respectively giving the element count and depth for the complete arrangement. We next join together the three stages and obtain six levels of trees formed by 1×2 or 2×1 switching elements. With reference to FIG. 3 D _{N}×2(log N+1)
and the depth D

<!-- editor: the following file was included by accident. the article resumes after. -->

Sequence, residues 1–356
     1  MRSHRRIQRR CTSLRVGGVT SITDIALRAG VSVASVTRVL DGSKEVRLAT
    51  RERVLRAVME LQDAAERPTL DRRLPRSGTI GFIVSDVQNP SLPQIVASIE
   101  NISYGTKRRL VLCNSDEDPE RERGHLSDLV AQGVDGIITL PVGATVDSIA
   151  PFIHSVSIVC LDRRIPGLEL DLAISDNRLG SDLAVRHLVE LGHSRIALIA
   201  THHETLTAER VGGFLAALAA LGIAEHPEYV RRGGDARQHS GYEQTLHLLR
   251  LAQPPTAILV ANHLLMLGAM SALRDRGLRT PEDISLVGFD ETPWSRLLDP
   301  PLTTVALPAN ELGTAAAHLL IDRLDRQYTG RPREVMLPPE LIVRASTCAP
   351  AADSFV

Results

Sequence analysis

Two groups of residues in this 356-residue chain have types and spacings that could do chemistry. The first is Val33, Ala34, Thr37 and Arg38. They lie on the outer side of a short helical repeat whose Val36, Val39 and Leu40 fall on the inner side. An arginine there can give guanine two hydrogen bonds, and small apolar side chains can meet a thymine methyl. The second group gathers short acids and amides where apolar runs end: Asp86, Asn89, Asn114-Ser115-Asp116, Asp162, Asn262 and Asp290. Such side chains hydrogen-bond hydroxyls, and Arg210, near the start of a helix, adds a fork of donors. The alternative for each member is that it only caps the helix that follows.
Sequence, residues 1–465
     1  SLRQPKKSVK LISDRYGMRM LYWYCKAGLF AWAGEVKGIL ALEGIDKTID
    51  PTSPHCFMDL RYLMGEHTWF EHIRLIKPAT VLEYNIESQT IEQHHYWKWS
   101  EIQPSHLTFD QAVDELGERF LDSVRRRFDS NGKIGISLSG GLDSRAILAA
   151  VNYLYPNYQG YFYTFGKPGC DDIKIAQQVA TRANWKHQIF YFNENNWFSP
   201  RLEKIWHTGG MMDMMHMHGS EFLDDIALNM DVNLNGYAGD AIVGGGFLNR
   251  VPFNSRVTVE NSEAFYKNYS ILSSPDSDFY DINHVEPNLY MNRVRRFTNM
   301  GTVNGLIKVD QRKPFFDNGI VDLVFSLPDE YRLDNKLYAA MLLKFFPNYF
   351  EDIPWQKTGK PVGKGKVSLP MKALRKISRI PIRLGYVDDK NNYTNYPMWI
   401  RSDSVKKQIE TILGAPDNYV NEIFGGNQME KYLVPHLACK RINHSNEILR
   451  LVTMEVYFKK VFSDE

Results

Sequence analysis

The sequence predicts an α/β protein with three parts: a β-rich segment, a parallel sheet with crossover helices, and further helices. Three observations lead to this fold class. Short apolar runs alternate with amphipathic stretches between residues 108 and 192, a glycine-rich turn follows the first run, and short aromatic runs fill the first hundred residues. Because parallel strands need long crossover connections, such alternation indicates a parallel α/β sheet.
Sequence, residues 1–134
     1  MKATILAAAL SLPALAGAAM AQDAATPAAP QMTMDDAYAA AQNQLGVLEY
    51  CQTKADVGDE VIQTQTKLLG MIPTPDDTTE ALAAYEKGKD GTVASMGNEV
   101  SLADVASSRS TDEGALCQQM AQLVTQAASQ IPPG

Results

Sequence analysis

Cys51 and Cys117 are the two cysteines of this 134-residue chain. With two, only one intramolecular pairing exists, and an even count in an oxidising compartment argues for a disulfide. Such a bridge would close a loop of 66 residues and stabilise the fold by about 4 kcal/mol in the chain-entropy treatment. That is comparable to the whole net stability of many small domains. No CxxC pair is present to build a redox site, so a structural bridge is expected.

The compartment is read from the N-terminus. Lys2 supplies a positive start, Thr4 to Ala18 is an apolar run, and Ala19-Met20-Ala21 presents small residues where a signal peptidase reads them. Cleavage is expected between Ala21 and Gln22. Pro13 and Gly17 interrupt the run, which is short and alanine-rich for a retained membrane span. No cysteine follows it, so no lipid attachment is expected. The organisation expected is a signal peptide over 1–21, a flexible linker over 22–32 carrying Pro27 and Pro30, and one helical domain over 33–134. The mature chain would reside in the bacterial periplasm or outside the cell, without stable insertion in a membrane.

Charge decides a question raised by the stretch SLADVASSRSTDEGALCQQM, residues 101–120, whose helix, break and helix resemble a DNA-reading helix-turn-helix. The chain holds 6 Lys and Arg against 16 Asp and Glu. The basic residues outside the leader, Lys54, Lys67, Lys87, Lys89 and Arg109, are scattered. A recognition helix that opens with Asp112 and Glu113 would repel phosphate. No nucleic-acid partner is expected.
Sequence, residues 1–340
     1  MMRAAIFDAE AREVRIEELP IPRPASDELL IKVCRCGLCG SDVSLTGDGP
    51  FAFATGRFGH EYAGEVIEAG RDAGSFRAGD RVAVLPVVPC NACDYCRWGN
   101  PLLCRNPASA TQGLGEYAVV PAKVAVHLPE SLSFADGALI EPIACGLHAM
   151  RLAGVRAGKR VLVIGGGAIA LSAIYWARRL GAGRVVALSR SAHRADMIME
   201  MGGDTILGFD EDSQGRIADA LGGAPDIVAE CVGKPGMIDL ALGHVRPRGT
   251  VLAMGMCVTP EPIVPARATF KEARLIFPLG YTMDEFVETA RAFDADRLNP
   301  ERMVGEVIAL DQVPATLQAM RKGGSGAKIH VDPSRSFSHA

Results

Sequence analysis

The element count is now substantially reduced, as compared to the values 8064,32512 that would be required by using a single crossbar arrangement of 2(N The present arrangements can now be generalized as follows. An N×N crossbar arrangement can be decomposed according to FIG. 6 for N=M into an arrangement consisting of a central unit blocks with r=2 arrangement and we then obtain for r=m an arrangement of blocks. This procedure clearly applies to each central block blocks, and the output stage using m×m switches. The arrangement of FIG. 12 is clearly blocking, since each m×m can support only one path. On the other hand, a property of this arrangement is that each m×m switch of the input stage can be connected to each m×m switch of the output stage via a particular block. Because of this property, a nonblocking N×N switch is obtained by combining a number p≧2m−1 of such N×N arrangements as shown in FIG. need not be a crossbar arrangement. Moreover, each m×m need not be realized by using a combination of two trees, with a single link between the two trees (as shown in FIGS. 3 Notice, in the special case where each m×m block in FIG. 12 consists of a m×1 binary tree of 2×1 elements connected to a 1×m binary tree of 1×2, and where each switch is a crossbar arrangement of binary trees of 1×2, 2×1 elements, the complete arrangement of FIG. 13 is exactly equivalent to the arrangement obtained form FIG. 1 by using for each building block a crossbar arrangement of binary trees. In this case, therefore, the arrangement effectively includes a total of six levels of binary trees, as pointed out earlier. So far we assumed 2m−1 layers in FIG. 13, because this can be shown to be the minimum number of layers required in order for the arrangement of FIG. 13 to be nonblocking in the wide sense. However, a larger number p may be desirable in general for redundancy, to increase reliability. As pointed out earlier, in order for the arrangement to be nonblocking each in FIG. 13 must be nonblocking. An advantage of the above arrangement, which was derived assuming FIG. 6, is its modular construction involving p identical layers. We conclude this section with one example. In the above N×N arrangements we have minimized depth by using 2×2 elements in each m×m switch. However, this technique increases (doubles, for m=2) the number of links between consecutive stages, as can be seen from FIGS. 2 By using the simple algorithm described next, the total number of crosstalk components (of order two, for a particular output port in the worse case) is 3 instead of 1 produced by the crossbar arrangement. In the above example, the depth is 2 log N+log m+1 instead of 2 log N, and the width is instead of N As pointed out earlier it may be desirable to construct a m×(2m−1) switch with minimum waveguide crossings. To this purpose it is convenient to use the construction of FIG. 14 Crosstalk Shown in FIG. 10 is a diagram of an illustrative prior art 8×8 crossbar arrangement where only input An N×N crossbar arrangement (of the FIG. 10 type) is characterized by a total of N Notice that all idle paths with only two elements are necessarily of order two. We denote them α. Here we are only concerned with the remaining idle paths, which we denote γ. Our objective is to cause as many of these to be of order higher than two, by blocking them with at least one intermediate element. Notice the elements adjacent to the central plane are arranged in groups of four forming 2×2 blocks. By also including the elements adjacent to the 2×2 blocks we obtain 4×4 blocks as in FIG. First consider the central stage consisting of 2×2 switches. Each switch is made up of four elements and four paths as in FIGS. 5 and 10. Two elements are on one side of the central plane and, the other two, on the other side. Thus the four paths form an array of four points on the plane. Here, if both inputs are idle, we block each path with one of the four elements. This can be done in two ways that are equivalent for our purpose here. In the other case, if at least one input path I Next consider a path γ, whose order is yet to be determined. This path passes through a particular 4×4 block, and it includes the input and output elements of that 4×4 block. In order for the path to be of order higher than 2, it must include at least 5 elements. If this condition is satisfied, then one of above elements is an intermediate idle element, and by blocking the path with this element the order becomes at least 3. Since the paths γ are all disjoint, this procedure can be applied to all of them without conflicts, and the final result is that all paths γ with more than 4 elements become of order higher than 2. Notice that for N=4 all idle paths include at most 4 elements. In this case none of the γ paths can be blocked and the number of paths of order 2 is exactly N. On the other hand, for large N one finds that the probability of a particular output port receiving a crosstalk component of order 2 is where the first term is the probability 1/(N−1) of an additional signal passing through the particular 2×2 block that is used by the output signal in question. An important conclusion is that crosstalk, for the classical crossbar arrangement, is approximately independent of N. It is entirely generated, to a first order approximation, by the central blocks and, therefore, a large extinction ratio is only required for these blocks. References [1] Alfemess, R. C., “Guided-wave Devices for Optical Communications,” IEEE J. Quantum Electron., Vol. QE-17, pp. 946-957, 1981. [2] Padmanabhan, K., and Netravali, A., “Dilated Networks for Photonic Switching,” IEEE Transactions on Communications, Vol. COM-35, No. 12, pp. 1357-1365, December 1987. [3] Ramaswami, R. and Sivarajan, K. N., “Optical Networks: A Practical Perspective,” San Francisco, Calif.; Morgan Kaufmann, 1998. [4] Benes, V. E. and Kurshan, R. P., “Wide-Sense Nonblocking Network Made of Square Switches” , Electronic Letters, Vol. 17, No 19, p.697, September 1981, [5] Spanke, R. A., “Architectures for Guided-wave Optical loptical Space Switching Systems,” IEEE Communications Magazine, 25 (5), pp. 42-48, May 1987. [6] Nishi, T., Yamamoto, T., and Kuroyanagi, S., “A Polarization-Controlled Free-Space Photonic Switch Based on a PI-Loss Switch,” IEEE Photon. Technol. Lett., Vol. 6, No. 9, pp. 1104-1106, September 1993. [7] Kondo, M., Takado, N, Komatsu, K., and Ohta, Y., “32 Switch Elements Integrated Low Crosstalk LiNbO3 4×4 Optical Matrix Switch,” IOOC-ECOC 85, Venice, pp. 361-364, 1985. [8] Goh, T., Himeno, A., Okuno, M., Takahashi, H., and Hattori, K., “High-Extinction Ratio and Low Loss Silica-Based 8×8 Thermooptic Matrix Switch,” IEEE Photon. Technol. Lett., Vol. 10, No. 3, pp. 358-360, March 1998. [9] Hamamoto, H., Anan, T., Komatsu, K., Sugimoto, M., and Mito, I., “First 8×8 Semiconductor Optical Matrix Switches Using GaAs/AlGaAs Electro-optic Guided-wave Directional Couplers,” Electron. Lett., vol. 28, pp. 441-443, 1992. [10] Granestrand, P., Lagerstrom, B., Svensson, P., Olofsson, H., Falk, J. E., and Stoltz, B., “Pigtailed Tree-structured 8×8 LiNbO [11] Murphy, E. J., Murphy, T. O., Ambrose, A. F., Irvin, R. W., Lee, B. H., Peng, P., Richards, G. W., and Yorinks, A., “16×16 Strictly Nonblocking Guided-wave Optical Switching System,” J/Lightwave Technol., Vol. 10, pp. 810-812, 1998. Patent Citations